Lessons we can learn from the humble biro
What’s the message here?
When Larry Kim, founder of WordStream, posed the above question on LinkedIn, it provoked around 300 comments.
The image, similar to the one above, shows a classic BIC® Cristal ballpoint pen over a 60-year period that has remained unchanged.
His question appeared to irritate some people, prompting one to write, “Everyone extracts the moral of the story by their own life experience, so why are you behaving like you are the only one who knows what is the message here. Who gave you this right?” I think that might have been the point of the question.
Perhaps Larry’s is more complex than it first appears. He likes to pose provocative questions.
Some comments were witty (and on the money);
“Shooting spitballs in school never goes out of style.”
Others were a little harsh, if not predictable, implying they knew the only correct answer;
“Not thinking different”, “Not a penny has been spent on Research & Development for decades”, “No imagination”, “Laziness”, “Cheap and popular”, “a finger torture device for 6 decades and still going”
The majority were variations on the theme;
“If it ain’t broke, don’t fix it”.
But is that the right way to think about it?
The ballpoint pen was never going to fail
Hungarian, László Bíró, invented the ballpoint pen, receiving the British patent in 1938. Some years later he sold the European rights to Marcel Bich for the princely sum of $2m (roughly $30m today).
Bich, an established expert in writing instruments, was a naturally strategic thinker.
He refined László’s original ballpoint design and launched the BIC® Cristal into the market in 1950.
Prior to the pen’s launch, Bich had no crystal-ball-gazing premonition that his ultimate design would be beyond perfect. He didn’t know it would meet everyone’s needs, nor that it would endure, unchanged forevermore.
One comment in the LinkedIn post suggested more strategic thinking;
“Think of all angles before bringing a product to market.”
But the BIC® Cristal wasn’t designed to be perfect, it just turned out that way, yet the comment implied designers should somehow know, before launching a product, every feature ever likely to be desired.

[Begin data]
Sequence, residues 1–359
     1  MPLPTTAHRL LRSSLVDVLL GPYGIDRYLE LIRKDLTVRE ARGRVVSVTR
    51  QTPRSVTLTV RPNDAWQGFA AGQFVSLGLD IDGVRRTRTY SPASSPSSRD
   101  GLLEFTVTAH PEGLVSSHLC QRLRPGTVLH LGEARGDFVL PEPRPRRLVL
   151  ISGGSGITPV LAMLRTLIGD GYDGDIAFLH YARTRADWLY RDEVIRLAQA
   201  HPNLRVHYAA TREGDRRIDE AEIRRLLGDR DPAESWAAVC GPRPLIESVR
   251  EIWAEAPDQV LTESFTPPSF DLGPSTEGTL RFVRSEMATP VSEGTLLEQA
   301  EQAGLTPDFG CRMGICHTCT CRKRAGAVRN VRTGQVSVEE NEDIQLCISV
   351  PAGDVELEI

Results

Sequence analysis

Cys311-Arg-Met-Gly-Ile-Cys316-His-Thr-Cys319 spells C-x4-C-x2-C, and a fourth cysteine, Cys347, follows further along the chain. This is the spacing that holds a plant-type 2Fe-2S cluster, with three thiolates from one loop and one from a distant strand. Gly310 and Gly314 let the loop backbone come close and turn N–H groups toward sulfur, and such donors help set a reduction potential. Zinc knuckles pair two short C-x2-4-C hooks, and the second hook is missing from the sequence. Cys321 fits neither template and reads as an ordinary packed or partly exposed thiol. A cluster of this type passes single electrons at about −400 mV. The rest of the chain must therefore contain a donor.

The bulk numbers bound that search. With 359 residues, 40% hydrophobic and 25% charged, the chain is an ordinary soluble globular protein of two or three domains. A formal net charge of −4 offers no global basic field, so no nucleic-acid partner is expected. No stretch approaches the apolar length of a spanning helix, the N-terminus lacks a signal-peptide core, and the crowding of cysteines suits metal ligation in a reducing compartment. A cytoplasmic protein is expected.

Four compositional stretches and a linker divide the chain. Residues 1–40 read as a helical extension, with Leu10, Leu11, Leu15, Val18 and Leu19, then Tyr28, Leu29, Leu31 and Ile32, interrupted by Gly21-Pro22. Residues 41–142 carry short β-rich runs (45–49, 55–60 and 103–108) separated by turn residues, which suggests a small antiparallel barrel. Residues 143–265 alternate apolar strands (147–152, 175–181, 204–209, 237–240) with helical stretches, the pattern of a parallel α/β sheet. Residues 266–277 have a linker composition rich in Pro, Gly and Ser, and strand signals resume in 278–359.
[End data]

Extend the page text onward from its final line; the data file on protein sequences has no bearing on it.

The greatest pen ever made
Bich was clearly a smart man. He knew how to commercialise products, especially writing instruments, and he knew how to identify attributes that would lead to the success of a product. What he couldn’t predict was the unrivalled and unprecedented success the ‘biro’ would have. Nor that its success would continue to the present day.
The BIC® Cristal ballpoint pen is said to be ‘the greatest pen ever made’, and this may well be true, given that in September 2006, BIC® reached the unimaginable milestone of 100 billion Cristal pens sold.
To redesign, or not to redesign? That is the question.
The future of an otherwise successful product lies in allowing it to evolve according to the needs of the market. Take the mobile phone, for example. It began in 1983 with the Motorola DynaTAC 8000X, but the ever-changing demands of customers and the rapid changes in technology saw multiple platforms emerge and tens of thousands of models being developed. The choice is now endless.
Of course, there are also thousands of pen types available, but unlike the Motorola DynaTAC 8000X, the humble BIC® Cristal is still going strong some 70 years later.
It would have been easy for Bich to acknowledge those who criticised the BIC® Cristal for its simplistic design and basic operation. He used the feedback, good and bad, and the changing needs of his customers, to develop new, similar products, whilst keeping the design of the Cristal as it was in 1950 — and pretty much as it is to this day.
BIC® currently has around sixteen unique designs in their range of pen products, including the iconic BIC® Cristal ballpoint.
One man’s loss is another man’s gain
It’s a universal fact of life that everyone loses pens.